Escaping the formulaic Mitteleurope locale for The Wolf Man, set designer Otterson created what would become the archetypal “spooky forest”, with its twisted trees and snapped boughs perpetually shrouded in mist. Jack Pierce’s make-up for Chaney, which took four hours to apply, albeit in stages for the transformation sequences, has become as iconic as any other Hollywood monster from the golden age.
Siodmak’s invention of much lycanthropic folklore, including the wonderfully intoned rhyme “even a man who is pure in heart and says his prayers by night, may become a wolf when the wolfbane blooms and the autumn moon is bright” (so good they used it thrice), which is actually now attributed to genuine medieval sources, combines well with The Wolf Man’s myriad other qualities to make the film a first-rate classic.
Maleva (Maria Ouspenskaya) shares a cautionary word with Sir John (Claude Rains) in this colourised lobby print for The Wolf Man (Universal 1941)
Universal had only lightly courted the subject previously with their 1935 Werewolf of London, in which Henry Hull doesn’t wear the full Pierce make-up, partly so as not to obscure his classic profile, but also to allow Valerie Hobson to recognise him in wolf form. Their only other dalliance with fur had been a proposed vehicle for Karloff in the 30s, which had never seen the light of day. Despite lukewarm critical reception, The Wolf Man became one of the studio’s hottest properties ever, earning them millions of dollars and garnering Chaney the highest amount of fan mail ever received by a star on the lot.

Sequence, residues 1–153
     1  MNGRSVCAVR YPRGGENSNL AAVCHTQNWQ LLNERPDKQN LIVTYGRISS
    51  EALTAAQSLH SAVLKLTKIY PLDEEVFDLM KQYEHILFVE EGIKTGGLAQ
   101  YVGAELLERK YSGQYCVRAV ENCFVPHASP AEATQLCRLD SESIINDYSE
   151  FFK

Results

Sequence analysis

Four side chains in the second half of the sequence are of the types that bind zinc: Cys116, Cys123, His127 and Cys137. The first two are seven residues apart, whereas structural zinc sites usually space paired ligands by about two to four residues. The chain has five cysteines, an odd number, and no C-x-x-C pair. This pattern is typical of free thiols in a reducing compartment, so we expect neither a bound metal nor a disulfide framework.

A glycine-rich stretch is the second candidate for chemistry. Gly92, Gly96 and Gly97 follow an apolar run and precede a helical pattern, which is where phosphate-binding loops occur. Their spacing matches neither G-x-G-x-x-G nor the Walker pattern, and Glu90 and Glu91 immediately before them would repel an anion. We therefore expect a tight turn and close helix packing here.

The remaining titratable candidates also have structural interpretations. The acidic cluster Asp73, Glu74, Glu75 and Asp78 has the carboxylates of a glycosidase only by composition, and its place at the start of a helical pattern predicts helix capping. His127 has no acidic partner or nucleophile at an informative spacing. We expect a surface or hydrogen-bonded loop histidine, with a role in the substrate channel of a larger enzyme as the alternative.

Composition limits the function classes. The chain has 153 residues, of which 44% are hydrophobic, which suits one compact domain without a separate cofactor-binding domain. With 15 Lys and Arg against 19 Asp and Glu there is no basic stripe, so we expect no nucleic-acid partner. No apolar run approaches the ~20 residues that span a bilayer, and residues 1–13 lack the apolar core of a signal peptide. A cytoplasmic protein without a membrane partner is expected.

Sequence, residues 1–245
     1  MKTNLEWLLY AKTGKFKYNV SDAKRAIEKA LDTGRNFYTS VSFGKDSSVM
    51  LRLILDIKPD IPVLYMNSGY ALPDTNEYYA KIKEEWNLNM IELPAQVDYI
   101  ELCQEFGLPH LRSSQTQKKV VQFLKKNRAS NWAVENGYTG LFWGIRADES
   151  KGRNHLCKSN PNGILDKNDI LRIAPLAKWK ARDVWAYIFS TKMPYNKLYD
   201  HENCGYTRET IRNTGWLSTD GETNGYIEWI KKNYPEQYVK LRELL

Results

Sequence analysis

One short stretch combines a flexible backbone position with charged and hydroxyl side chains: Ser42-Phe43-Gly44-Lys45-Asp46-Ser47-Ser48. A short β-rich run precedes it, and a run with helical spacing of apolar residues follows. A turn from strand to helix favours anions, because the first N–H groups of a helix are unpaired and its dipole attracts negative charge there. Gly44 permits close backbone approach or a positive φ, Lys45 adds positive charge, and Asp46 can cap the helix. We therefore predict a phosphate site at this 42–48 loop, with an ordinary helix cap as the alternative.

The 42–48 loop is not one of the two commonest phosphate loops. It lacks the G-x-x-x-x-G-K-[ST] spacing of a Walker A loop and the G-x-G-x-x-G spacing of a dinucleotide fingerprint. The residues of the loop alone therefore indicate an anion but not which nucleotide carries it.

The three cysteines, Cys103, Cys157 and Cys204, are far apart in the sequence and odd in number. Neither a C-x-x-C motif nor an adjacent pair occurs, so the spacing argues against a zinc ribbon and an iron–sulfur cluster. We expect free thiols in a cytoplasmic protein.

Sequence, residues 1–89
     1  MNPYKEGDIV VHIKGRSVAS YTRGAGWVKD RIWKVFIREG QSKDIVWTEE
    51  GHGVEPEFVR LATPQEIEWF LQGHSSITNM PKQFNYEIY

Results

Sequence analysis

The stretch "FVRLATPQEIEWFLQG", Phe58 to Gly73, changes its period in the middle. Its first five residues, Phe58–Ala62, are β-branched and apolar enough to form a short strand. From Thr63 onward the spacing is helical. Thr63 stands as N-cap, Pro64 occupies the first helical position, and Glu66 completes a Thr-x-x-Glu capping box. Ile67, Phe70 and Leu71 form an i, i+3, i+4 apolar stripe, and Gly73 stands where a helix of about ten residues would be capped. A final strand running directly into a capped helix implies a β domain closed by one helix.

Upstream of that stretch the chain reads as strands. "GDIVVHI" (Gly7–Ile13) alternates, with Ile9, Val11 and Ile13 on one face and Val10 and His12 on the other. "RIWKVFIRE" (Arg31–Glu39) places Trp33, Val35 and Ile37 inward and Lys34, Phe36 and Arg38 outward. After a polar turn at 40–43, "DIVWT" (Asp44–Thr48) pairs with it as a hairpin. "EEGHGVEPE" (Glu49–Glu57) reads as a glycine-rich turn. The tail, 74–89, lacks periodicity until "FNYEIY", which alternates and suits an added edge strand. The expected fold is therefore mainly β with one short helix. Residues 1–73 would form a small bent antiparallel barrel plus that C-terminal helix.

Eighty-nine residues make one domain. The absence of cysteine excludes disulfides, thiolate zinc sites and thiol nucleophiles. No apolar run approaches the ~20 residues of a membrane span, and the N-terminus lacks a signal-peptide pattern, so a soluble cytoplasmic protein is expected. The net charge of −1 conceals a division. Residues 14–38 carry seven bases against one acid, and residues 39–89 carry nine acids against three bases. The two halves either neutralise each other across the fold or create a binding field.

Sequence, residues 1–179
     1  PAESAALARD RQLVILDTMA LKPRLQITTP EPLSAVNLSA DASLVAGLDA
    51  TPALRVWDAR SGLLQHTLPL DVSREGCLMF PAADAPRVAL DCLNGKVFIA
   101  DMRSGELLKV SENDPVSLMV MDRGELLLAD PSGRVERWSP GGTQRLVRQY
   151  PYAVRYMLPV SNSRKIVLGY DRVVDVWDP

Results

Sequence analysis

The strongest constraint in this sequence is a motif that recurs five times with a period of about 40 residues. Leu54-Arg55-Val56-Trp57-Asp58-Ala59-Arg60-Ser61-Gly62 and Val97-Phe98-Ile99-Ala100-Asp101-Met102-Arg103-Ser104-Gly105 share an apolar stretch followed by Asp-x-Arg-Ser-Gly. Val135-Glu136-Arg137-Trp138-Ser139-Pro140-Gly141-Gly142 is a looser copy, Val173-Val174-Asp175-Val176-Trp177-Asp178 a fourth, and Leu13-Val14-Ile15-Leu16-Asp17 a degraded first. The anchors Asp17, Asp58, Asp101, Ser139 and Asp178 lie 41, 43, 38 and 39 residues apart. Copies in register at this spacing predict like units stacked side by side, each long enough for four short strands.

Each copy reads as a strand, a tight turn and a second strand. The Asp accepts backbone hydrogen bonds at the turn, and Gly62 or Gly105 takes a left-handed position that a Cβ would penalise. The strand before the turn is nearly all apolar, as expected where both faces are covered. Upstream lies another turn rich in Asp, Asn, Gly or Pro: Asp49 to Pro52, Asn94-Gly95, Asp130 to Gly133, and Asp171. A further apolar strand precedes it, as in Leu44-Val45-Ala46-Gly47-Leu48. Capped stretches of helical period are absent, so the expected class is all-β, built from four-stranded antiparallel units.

The climactic final scene shows Sir John Talbot (Claude Rains) poised to attack the Wolf Man (Lon Chaney) in his attempt to save Gwen Conliffe (Evelyn Ankers) in The Wolf Man (Universal 1941)
The Wolf Man’s strength undoubtedly lies not only in its sterling lead performances, but also those secondary roles such as Bela, Maleva and Jenny, which in less skilled hands would have been flat and emotionless. Lugosi and Ouspenskaya make the absolute most of what they have to do, and deliver multilayered performances which make not only their characters, but the film as a whole sparkle.
Viewing The Wolf Man today in gloriously restored Blu-Ray format seems as thrilling as it might have been on the big screen upon its release, but one can only imagine what the impact of Chaney’s snarling, savage characterisation, enhanced beautifully by Pierce’s faultless make-up, would have been on cinemagoers of the day. The Wolf Man is a wonderful picture, and a true classic deserving of the highest accolades which could be bestowed upon it.